Wetland plants to improve inlet water

South West Catchments Council’s Joanna Hugues-dit-Ciles and City of Bunbury’s Jarrad Back at the Queen’s Garden wetland area.

Thousands of plants were planted at Queens Garden wetland in Bunbury this month to reduce stormwater pollutants entering the Leschenault Inlet.

The wetland at Queens Garden is a stormwater detention basin that collects run-off from the Bunbury CBD and neighboring industrial and urban areas.

Stormwater often carries pollutants such as litter, sediment, heavy metals and nutrients which are harmful to rivers, estuaries and aquatic wildlife.

South West Catchments Council Officer Pip Marshall said it was important to keep our waterways healthy.

“The Inlet is frequented by Bunbury’s much-loved dolphins, is home to the White Mangrove community and popular fishing species such as the black bream, so it’s important that we protect these areas from pollutants produced by our modern lifestyles” Ms Marshall said.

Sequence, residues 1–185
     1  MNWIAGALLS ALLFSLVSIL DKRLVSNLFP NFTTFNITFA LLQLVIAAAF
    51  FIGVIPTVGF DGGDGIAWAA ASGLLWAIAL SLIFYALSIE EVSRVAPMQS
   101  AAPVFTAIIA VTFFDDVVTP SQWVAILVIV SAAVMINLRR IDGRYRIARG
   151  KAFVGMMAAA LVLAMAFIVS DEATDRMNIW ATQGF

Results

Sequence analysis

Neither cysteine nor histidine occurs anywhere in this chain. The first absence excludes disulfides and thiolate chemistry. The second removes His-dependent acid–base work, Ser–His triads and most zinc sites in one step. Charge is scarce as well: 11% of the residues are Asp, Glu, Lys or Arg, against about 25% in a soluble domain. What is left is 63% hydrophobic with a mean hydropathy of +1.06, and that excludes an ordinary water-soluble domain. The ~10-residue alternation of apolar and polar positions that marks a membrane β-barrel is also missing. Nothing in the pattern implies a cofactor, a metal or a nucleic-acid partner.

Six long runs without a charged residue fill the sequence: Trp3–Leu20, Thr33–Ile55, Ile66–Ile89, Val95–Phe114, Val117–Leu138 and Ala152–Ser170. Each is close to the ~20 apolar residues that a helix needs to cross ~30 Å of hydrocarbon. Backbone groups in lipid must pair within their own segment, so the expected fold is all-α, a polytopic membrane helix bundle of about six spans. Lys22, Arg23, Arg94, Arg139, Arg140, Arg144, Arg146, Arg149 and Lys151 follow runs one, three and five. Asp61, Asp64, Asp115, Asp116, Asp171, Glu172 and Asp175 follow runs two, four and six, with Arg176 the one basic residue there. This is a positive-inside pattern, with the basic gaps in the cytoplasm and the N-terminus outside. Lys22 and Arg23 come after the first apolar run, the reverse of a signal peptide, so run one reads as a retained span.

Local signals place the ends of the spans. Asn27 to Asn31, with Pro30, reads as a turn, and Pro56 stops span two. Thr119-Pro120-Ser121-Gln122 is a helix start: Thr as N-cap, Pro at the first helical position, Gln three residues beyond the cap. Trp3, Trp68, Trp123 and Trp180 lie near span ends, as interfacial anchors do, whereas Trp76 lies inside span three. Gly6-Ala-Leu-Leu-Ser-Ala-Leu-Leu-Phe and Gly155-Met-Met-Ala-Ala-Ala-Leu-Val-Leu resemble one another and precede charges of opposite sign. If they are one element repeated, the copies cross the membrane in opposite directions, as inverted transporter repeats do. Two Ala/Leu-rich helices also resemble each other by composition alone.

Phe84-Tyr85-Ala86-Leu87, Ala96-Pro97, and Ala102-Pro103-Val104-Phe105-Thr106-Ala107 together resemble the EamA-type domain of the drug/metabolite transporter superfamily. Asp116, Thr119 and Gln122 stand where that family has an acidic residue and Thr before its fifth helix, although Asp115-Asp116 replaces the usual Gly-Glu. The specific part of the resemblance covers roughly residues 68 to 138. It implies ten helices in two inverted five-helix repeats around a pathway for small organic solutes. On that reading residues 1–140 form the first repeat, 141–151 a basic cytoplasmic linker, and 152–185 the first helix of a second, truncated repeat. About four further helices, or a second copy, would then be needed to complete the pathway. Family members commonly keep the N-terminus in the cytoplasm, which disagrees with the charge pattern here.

As water is retained in the basin after storm events, specialised wetland plant species use biophysical processes to remove nasties from the water.

The plants act as living filters by taking up nutrients and breaking down pollutants, improving the quality of the water before it overflows into the Leschenault Inlet.

City of Bunbury’s Landscape Officer Jarrad Back hoped the wetland upgrade would be a ‘win-win’ for the environment and the community.

“We want to ensure we are doing our part to protect water quality in the Leschenault Inlet and at the same time improve the amenity of the area for people using the adjacent skatepark and greenspaces of Queens Gardens” Mr Back said.

This project is jointly funded by the South West Catchments Council through funding from the Australian Government’s National Landcare Program and the City of Bunbury as part of SWCC’s Waterway Project which has funded similar water quality improvement projects across the South West in recent years.

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